Diffuse optical imaging is a non-invasive technique for low-resolution studies of biological tissues at a macroscopic scale. The limited spatial resolution (~1 cm) is balanced by a large optical penetration depth (several centimeters), high temporal resolution (~ 10 milliseconds), high intrinsic contrast associated with hemoglobin (contrast factor of 10-100 in most soft tissues), and the capability of spectral discrimination of multiple chromophores (leading to quantitative oximetry in the case of oxygenated and deoxygenated hemoglobin).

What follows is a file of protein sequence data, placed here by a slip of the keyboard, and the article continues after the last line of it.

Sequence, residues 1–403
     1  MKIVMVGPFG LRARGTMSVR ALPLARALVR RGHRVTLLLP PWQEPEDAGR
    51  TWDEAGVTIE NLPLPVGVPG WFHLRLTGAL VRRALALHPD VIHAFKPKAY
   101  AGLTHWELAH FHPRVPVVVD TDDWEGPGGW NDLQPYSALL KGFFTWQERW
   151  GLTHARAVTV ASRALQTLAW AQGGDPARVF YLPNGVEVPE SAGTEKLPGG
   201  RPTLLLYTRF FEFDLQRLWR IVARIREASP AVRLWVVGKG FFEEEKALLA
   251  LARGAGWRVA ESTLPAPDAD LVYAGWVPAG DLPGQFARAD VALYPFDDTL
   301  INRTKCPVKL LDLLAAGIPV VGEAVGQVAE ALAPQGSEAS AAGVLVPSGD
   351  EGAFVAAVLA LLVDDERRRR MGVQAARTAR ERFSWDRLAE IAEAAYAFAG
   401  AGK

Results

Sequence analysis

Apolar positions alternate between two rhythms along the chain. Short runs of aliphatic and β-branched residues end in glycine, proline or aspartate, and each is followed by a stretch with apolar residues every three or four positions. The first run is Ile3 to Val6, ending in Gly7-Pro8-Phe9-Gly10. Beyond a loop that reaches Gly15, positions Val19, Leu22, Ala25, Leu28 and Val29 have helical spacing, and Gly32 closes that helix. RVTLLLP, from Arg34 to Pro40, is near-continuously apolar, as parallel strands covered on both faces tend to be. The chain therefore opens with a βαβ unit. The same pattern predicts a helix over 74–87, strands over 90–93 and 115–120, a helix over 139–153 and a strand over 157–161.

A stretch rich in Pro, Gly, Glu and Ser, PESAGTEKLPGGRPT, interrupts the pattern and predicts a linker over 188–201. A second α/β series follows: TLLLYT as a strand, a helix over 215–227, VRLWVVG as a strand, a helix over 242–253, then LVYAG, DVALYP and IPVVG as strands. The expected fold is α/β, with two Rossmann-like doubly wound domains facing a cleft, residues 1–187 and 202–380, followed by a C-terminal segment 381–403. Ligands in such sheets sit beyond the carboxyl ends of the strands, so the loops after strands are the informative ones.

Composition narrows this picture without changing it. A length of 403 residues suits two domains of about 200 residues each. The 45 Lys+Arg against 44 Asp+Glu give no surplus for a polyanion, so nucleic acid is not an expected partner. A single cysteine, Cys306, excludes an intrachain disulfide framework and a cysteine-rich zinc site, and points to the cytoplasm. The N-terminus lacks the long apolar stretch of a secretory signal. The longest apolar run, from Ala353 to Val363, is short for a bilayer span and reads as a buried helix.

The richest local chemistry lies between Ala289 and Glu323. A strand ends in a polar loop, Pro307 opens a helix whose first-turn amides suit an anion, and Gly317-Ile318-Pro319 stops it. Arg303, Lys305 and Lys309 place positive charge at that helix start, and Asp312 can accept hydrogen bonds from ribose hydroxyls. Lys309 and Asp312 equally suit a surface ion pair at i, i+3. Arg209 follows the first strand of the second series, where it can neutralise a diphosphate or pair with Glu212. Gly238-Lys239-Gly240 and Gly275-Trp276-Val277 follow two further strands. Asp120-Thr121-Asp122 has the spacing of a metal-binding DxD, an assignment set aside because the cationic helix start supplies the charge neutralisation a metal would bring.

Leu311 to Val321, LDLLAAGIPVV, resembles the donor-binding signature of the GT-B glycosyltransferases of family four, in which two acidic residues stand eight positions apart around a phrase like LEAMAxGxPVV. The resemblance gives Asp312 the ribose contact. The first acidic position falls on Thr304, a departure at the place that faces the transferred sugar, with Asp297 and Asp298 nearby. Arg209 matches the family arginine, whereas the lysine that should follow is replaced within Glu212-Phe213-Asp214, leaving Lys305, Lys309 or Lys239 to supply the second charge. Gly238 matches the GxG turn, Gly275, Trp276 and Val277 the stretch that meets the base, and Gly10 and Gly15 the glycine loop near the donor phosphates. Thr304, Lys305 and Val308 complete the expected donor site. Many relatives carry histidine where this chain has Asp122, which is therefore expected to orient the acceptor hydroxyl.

Research activities in our group include quantitative modeling of light propagation in optically turbid media, the generation of analytical relationships between optical measurements and physiological quantities, the design of optical instruments for medical imaging, the development of novel near-infrared spectroscopy and imaging techniques for medical diagnostics, and a number of applications to animal models and human subjects. Specific applications are aimed at functional imaging of the brain, the assessment of cerebral microcirculation, diffuse optical mammography, hemodynamic monitoring of skeletal muscles, and quantitative tissue oximetry.
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